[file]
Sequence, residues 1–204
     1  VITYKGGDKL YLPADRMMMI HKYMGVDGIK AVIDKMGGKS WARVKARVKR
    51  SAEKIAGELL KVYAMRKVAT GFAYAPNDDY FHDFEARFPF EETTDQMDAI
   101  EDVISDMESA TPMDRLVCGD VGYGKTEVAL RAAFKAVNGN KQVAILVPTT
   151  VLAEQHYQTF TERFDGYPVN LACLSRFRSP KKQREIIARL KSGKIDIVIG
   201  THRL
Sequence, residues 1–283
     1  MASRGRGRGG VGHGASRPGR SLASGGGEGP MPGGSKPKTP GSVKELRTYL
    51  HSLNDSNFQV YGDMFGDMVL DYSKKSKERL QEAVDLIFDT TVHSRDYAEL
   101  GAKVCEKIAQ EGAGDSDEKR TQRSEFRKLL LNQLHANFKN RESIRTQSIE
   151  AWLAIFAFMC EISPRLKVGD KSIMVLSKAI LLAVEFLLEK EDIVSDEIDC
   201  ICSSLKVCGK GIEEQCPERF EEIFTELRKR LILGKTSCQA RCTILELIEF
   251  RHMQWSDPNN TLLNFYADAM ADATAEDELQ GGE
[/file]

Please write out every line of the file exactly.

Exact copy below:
Sequence, residues 1–204
     1  VITYKGGDKL YLPADRMMMI HKYMGVDGIK AVIDKMGGKS WARVKARVKR
    51  SAEKIAGELL KVYAMRKVAT GFAYAPNDDY FHDFEARFPF EETTDQMDAI
   101  EDVISDMESA TPMDRLVCGD VGYGKTEVAL RAAFKAVNGN KQVAILVPTT
   151  VLAEQHYQTF TERFDGYPVN LACLSRFRSP KKQREIIARL KSGKIDIVIG
   201  THRL
Sequence, residues 1–283
     1  MASRGRGRGG VGHGASRPGR SLASGGGEGP MPGGSKPKTP GSVKELRTYL
    51  HSLNDSNFQV YGDMFGDMVL DYSKKSKERL QEAVDLIFDT TVHSRDYAEL
   101  GAKVCEKIAQ EGAGDSDEKR TQRSEFRKLL LNQLHANFKN RESIRTQSIE
   151  AWLAIFAFMC EISPRLKVGD KSIMVLSKAI LLAVEFLLEK EDIVSDEIDC
   201  ICSSLKVCGK GIEEQCPERF EEIFTELRKR LILGKTSCQA RCTILELIEF
   251  RHMQWSDPNN TLLNFYADAM ADATAEDELQ GGE